Today, is World Kidney Day.
A day to talk about the diseases that affect the bean-shaped organs on the back of either sides of your spine. The two organs, the size of your fists, that help you urinate, balance the acidity levels of your blood, create hormones and a lot more.
Before last year in October, I had not given much thought to kidneys. It was until I got a story tip about a young lady, Caroline Wangechi Ndiragu who was suffering from a severe form of Kidney disease. End Stage Renal Disease.
I met her in a relative’s home and I was not sure what to say to her. I saw pain and confusion on her face and on her parents. As a journalist, I was there with my pen, notebook and an open mind to learn how it is to live with kidney disease.
The interview led to this article published on The Daily Nation. It was her one week diary, narrating her experience through dialysis where her blood would be mechanically cleaned. It drained her as she hoped for funds to go for a transplant in India, a kidney donated to her by her maternal uncle.
When I asked her what she would like to do once she got her new kidney, she told me: “I would like to drink a glass of Fanta orange soda.”
That stung me. She longed for something that would have otherwise been considered ordinary or even mundane by others. To simply sip Fanta Orange. She could not do it as all the fluid and sugars from it would be retained in her body until the next dialysis session.
Fortunately, after the story ran people sent in their donation in cash, prayers and words of encouragement.
In a months time, November 25; Caroline, her aunt and uncle were India bound. They left for the transplant. I kept in touch through Whatsapp on their time there up to the day Caroline and her uncle were wheeled into the operating room on January 14.
I was overwhelmed: both scared and excited in equal measures. I had read of how people died on the operating tables and honestly, I was not too sure what would happen.
You can imagine my joy when the aunt, Charity, sent me pictures of Caroline and Simon, the uncle from the theater. I cried. I cried some more.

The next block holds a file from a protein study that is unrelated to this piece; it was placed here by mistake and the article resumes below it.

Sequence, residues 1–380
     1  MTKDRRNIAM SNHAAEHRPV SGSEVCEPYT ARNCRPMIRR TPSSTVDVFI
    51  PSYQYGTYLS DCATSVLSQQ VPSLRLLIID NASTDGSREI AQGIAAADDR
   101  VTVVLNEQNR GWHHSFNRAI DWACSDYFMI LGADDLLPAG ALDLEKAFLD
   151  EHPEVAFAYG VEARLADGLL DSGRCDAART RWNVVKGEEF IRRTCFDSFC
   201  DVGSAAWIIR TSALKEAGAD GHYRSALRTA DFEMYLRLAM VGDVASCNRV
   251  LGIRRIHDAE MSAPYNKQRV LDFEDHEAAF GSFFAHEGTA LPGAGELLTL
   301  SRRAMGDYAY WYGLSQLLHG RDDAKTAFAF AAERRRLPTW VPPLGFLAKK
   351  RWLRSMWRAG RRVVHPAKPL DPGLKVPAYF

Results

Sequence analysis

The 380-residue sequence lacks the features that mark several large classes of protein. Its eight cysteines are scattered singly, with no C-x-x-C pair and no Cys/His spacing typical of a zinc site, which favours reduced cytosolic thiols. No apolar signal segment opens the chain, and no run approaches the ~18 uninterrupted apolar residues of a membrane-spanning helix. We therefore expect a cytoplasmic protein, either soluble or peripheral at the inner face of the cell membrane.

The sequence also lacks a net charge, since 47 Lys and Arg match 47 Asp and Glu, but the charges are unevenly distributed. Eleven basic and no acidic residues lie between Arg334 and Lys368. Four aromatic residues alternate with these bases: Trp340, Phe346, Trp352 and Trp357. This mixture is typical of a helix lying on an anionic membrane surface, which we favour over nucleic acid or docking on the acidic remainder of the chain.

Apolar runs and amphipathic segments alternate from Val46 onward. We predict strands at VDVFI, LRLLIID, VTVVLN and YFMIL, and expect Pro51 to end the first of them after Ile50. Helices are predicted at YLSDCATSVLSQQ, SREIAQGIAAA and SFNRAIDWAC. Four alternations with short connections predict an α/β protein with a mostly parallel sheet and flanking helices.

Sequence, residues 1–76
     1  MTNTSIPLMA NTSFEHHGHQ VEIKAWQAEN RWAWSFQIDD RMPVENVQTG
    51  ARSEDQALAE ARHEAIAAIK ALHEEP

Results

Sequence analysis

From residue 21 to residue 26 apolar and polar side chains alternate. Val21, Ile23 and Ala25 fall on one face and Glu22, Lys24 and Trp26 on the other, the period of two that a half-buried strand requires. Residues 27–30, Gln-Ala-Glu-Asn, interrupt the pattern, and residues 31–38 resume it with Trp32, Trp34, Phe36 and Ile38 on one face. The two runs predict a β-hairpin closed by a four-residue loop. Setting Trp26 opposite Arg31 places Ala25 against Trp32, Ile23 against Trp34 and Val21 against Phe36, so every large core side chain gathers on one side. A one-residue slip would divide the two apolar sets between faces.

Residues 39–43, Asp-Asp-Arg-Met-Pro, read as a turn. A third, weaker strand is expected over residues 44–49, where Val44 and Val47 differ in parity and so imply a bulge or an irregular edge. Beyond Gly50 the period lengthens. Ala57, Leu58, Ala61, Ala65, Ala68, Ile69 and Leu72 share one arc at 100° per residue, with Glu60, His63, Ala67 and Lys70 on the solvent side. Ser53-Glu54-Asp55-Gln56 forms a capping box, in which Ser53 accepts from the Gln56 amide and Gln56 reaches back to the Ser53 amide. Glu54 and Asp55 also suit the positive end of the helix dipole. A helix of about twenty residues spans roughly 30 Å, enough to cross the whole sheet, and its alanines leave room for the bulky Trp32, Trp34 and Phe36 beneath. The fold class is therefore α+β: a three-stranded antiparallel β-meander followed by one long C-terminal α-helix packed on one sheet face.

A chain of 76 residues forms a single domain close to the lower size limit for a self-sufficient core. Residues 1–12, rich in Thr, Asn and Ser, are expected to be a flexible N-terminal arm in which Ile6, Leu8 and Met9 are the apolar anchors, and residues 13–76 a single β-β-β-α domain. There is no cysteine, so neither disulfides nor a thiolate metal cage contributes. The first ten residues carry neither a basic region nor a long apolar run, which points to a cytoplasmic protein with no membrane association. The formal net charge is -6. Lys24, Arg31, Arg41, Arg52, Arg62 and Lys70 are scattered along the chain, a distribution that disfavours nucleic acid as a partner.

I called her mother, Lydia and shared my relief and all she could tell me was: “My daughter is going to be fine. I don’t know how to thank you Eunice.”
I cried some more.
On March 1, on Sunday, I was in Mombasa when my phone rang in the morning. It was Lydia, Caroline’s mother.
She said: “Caroline will be coming back on Tuesday, March 3. Are you in Nairobi? We would like to have you at the airport.”
I could not get back in time. I was meant to leave Mombasa for the 8 hours drive to Nairobi on Tuesday. They, Caroline’s entourage, would land hours after I set foot in Nairobi.
I replied: “I will not make it, but I will come home to meet you. I will come to see her in a week.”
Six days later, I was travelling to an unknown location, just kept calm by the directions Lydia told me over the phone. Four hours later, I was a top a motor-bike, traversing the stony dusty paths of Chaka in Nyeri County into a little location called Maragema.
And then I saw her. Caroline.
She came out first to meet me. I could not recognise her. She was lighter, plump and jolly.
She jumped up to me before I had descended the roaring motor-bike.
“See, I am fine Eunice. You helped me,” she said leading me into their house. Her mother joined us in a little while and embraced me in tears.
I will not cry here. Not in front of all these people, I said to myself.
To stop the tears I said: ” I bought you Fanta!”
She laughed, her mother joined in, her father jumped in too as well as Simon, the donor and the hero, her aunt Charity and Caroline’s younger brother, Richard. The place turned into a feast. There was talking, eating and drinking of tea and Fanta.
I had never thought in October when I met this family that we would ever meet like this, over 300Kms away from Nairobi. I never thought I would be here among all these people.
“My new kidney from my uncle began working immediately it was put in my body. I can now eat anything. I now eat over five plates of food, six eggs for breakfast and about three litres of water. I have a second chance,” Ms Wangechi said.
Today, as we mark World Kidney Day, I want to celebrate Caroline. I want to celebrate her hope of a second chance and her determination despite the hurdles and challenges of the dialysis. Now, she still has to brace herself for the life long medication she is to take so that her body does not reject her new kidney. Unfortunately, the drugs are quite costly and Caroline’s parents are afraid they may not afford them.
I celebrate the bubbly, energetic young woman who was a shade lighter and plump. This a sharp contrast to the person I spoke to, barely six months back as she struggled with the kidney disease. Her steps were lively and her gait was upright.
I want to celebrate her uncle too. For his sacrifice, love and endurance to see that his niece gets up once more. Talking to him, pickled my curiosity of whether I could ever be a donor. Honestly, I am not sure. I am too scared of pain and blood and hospitals to get through with it, BUT I am thinking about it.
Donors are heroes who risk it all to save a life, at times at the expense of their own.
I also celebrate her family for the strength, hope and trust in God and doctors to heal their only daughter. It has nit been easy. I salute their optimism.
Oh, by the way, in case I did not mention it, Caroline wants to be a nurse. And as my colleague Cornell Ngare said when he found me blogging this, said: Life must now be Fanta for Caroline, and her family. I couldn’t agree more.